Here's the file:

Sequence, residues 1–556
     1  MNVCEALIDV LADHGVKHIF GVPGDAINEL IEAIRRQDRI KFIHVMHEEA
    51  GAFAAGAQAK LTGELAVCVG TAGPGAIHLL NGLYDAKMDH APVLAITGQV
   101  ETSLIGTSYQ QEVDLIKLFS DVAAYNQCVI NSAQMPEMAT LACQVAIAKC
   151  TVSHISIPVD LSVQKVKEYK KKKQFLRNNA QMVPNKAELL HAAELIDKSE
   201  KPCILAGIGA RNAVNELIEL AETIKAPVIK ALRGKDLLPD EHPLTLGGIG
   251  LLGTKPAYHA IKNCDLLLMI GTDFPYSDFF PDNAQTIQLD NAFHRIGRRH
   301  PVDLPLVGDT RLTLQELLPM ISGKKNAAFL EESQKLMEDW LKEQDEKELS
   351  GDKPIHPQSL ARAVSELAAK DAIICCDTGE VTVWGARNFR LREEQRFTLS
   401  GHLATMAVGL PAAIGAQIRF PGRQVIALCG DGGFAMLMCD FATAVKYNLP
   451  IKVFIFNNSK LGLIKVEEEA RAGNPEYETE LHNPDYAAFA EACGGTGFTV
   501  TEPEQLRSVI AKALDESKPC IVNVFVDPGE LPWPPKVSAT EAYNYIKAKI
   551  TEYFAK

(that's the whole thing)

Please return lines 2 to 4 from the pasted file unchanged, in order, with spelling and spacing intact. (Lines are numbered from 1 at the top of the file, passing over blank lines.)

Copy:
     1  MNVCEALIDV LADHGVKHIF GVPGDAINEL IEAIRRQDRI KFIHVMHEEA
    51  GAFAAGAQAK LTGELAVCVG TAGPGAIHLL NGLYDAKMDH APVLAITGQV
   101  ETSLIGTSYQ QEVDLIKLFS DVAAYNQCVI NSAQMPEMAT LACQVAIAKC